Originally published on Exeunt Magazine.
In my mind’s eye, this review is a soundscape. Unfortunately, I lack the time, skill and technical equipment to produce such a thing. I have to substitute words for Berberian Sound Studio’s collage of sounds and images; words slip, skating over the surface. You’ll just have to imagine what it would be like translated into abstract sound. Berberian Sound Studio asks its audience to do a lot of imagining too.
What is the sound of fear? This is the question that Gilderoy, a sound engineer from Dorking, Surrey, is trying to answer when he comes to Italy to design the soundtrack for the mysterious, visionary director Santini’s latest film. Gilderoy, who has spent his career sound-designing nature documentaries, thinks he’s been asked to help make a film about horses. However, he soon discovers that, though the film has an equestrian element, it’s a basically pornographic horror film about two young women, accused of witchcraft, being tortured to death. Tom Brooke plays Gilderoy with an endearing humour, helped by his seemingly-unlimited range of facial expressions. Over the course of the performance, the type of the genial Englishman abroad is powerfully broken down by Gilderoy’s psychological disintegration.
The film they are making is a Giallo, which film critic Alexandra Heller-Nicholas defines in the programme as ‘sex-and-violence drenched horror/ mystery films marked by frequently baroque aesthetics’. These films are fascinated, Heller-Nicholas writes, ‘with the intersection – and frequently collapse – of the categories of “art” and “reality”.’ Peter Strickland’s 2011 film, Berberian Sound Studio, is both a story about the making of a Giallo, and a Giallo itself. The boundaries between what is real and what is art in Joel Horwood and Tom Scutt’s stage version are similarly blurry. There are several jump scares and the violence of the play escalates following the bone-deep structure of horror films, as the division between the film-within-a-play and the play become less clear.
In Scutt’s Berberian Sound Studio, we never actually see the film they are making. It is conveyed by a wide beam of dusty, shifting coloured light (designed by Lee Curran), directing our attention to an invisible projection screen at the backwall of the auditorium. The possible violent, sexual and melodramatic content of the film is suggested by the two actresses’ repeated takes of a scene, played in Italian, in which one is required to give a bloodcurdling scream. The film’s in-house Foley artists, Massimo and Massimo (Tom Espiner, who also designed the Foley, and Hemi Yeroham) evoke the film’s thematic preoccupations in a virtuosic sequence, violently scooping out the flesh of a watermelon and butchering a cabbage with an axe.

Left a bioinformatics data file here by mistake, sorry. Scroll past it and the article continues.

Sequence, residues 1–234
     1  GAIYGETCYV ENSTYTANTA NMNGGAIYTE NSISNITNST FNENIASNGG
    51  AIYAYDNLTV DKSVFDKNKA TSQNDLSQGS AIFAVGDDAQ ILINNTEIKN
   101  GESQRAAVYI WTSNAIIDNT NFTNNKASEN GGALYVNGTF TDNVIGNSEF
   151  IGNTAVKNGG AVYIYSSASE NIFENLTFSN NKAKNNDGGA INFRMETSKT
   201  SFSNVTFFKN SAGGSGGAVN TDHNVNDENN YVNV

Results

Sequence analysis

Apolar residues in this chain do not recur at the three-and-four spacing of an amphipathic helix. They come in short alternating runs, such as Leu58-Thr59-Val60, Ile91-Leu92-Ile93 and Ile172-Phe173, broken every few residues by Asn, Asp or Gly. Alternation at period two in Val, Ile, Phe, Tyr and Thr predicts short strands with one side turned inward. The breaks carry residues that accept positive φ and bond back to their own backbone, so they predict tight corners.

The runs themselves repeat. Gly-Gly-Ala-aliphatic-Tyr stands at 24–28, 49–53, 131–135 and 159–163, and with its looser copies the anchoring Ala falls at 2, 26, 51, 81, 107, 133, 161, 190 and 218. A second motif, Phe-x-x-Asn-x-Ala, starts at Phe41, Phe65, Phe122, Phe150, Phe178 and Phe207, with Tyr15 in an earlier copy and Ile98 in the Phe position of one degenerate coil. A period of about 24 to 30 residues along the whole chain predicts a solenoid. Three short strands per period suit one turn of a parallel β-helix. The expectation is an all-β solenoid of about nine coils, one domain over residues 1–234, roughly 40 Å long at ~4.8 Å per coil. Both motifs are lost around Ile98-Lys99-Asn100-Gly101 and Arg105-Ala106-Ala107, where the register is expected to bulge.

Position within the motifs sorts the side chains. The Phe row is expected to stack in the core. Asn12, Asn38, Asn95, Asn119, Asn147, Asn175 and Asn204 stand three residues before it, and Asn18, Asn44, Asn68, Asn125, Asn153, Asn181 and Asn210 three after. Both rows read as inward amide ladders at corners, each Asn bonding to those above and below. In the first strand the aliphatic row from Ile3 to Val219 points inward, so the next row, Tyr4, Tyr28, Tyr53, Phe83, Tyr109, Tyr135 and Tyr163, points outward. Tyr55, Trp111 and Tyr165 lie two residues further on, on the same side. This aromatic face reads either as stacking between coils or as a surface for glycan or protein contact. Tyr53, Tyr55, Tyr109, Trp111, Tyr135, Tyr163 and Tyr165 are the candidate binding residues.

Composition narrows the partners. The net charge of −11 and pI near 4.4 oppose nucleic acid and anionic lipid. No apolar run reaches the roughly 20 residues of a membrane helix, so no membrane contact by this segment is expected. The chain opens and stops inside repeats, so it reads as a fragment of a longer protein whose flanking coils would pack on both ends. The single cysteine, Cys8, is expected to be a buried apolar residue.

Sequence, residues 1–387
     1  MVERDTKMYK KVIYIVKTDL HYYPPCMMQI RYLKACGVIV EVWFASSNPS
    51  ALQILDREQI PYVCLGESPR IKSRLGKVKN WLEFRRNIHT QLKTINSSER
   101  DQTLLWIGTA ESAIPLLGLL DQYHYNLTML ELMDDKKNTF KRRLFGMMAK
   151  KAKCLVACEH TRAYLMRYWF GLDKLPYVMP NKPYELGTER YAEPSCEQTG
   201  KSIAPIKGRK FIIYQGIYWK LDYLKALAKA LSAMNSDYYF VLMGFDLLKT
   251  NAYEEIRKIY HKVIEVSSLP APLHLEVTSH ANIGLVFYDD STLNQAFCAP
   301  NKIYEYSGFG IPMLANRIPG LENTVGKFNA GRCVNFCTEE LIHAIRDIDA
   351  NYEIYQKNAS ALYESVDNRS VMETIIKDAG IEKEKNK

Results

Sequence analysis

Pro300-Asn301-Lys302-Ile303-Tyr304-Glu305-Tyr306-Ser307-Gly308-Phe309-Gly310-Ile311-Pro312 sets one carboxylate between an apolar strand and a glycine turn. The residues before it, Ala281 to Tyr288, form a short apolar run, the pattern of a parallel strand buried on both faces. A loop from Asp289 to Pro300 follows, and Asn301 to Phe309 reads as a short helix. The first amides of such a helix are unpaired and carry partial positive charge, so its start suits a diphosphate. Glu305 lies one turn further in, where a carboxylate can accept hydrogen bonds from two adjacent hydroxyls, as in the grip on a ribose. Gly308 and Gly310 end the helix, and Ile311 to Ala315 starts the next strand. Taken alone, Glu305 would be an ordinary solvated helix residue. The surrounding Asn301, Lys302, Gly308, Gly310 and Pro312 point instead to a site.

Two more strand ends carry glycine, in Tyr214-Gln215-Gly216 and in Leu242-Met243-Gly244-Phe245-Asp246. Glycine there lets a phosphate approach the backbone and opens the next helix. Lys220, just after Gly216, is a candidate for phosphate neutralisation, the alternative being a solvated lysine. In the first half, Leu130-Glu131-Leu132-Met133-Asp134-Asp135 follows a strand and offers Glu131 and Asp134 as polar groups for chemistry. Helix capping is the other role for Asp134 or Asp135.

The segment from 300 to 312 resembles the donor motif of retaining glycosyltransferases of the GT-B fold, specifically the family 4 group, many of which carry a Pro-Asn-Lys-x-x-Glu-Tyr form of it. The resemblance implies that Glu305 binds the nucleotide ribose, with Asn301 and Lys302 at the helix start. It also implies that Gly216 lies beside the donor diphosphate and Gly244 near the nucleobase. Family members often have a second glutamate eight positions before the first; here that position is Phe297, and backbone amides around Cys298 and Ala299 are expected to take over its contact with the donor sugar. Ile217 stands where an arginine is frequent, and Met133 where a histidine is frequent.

While the attention paid to sound (composed and designed by Ben and Max Ringham) in the production makes it unusual, Berberian Sound Studio is as strongly visual as it is aural (perhaps no surprise given that Tom Scutt is primarily a designer). Espiner and Yeroham’s Foley display is a spectacle. A double act in brown lab coats, they are putting on a show in demonstrating an anachronistic art form. The visual exuberance of this auditory cornucopia seems to contrast with the rest of the scenography: the recording studio and sound booth are rendered with painstaking realism in Anna Yates and Tom Scutt’s design, a sign calling ‘Silenzio’ glowing red above the studio.
Yet the production is also interested in exploring what makes something a realistic theatrical illusion. Part of the pleasure of watching Foley is being conscious of the gap between how the sound is produced (for example, a carrot being cut with pliers) and what the sound is used to represent (a thumb being broken in thumb screws). What does it mean for sound to be mimetic? At the scariest moment of the film, sound is unmoored from its referent and means of production to become a free-floating signifier – Gilderoy’s recording of his Mum spilling tea over herself becomes a terrifying monster. Is it so effective because an element of real pain has gone into creating the sound? By staging the production of sound effects, Berberian Sound Studio is able to expose the power dynamics that go into the creation of these visions of reality, the ideology behind the moving image.
Because in Santini’s studio, women are exploited. The actress Sylvia (Lara Rossi) is pressured to record repeated takes of her screaming, although she has been told by a doctor that it harms her throat. Later, Gilderoy tortures the other actress Carla (Beatrice Scirocchi) with a terrifying soundtrack, telling her that he wants the scream to be real, not acting. In a sense though, all the screams heard in the play are real; they are produced by real people, from real voice boxes, taking a real toll on real throats. Recording technology alienates the actresses’ voices from their bodies: the actresses employed to voice the characters in the film are different from the ones who played them onscreen; Sylvia, who challenges Santini on his treatment of women in the script, is easily replaced by Carla. In Santini’s film, the actresses are seen as voices, not as people.
Throughout, Gilderoy gathers and collages sounds from life to transform into art on his recording box: an actress’s cough, his mother’s messages from home. At an almost imperceptible point, Gilderoy’s gathering becomes exploitative. Great art must be separate from ethics, Santini tells Gilderoy. Berberian Sound Studio seems to suggest that, as art is inextricable from the real, it also cannot be separated from ethics.
Berberian Sound Studio is on at the Donmar until 30th March. More info here.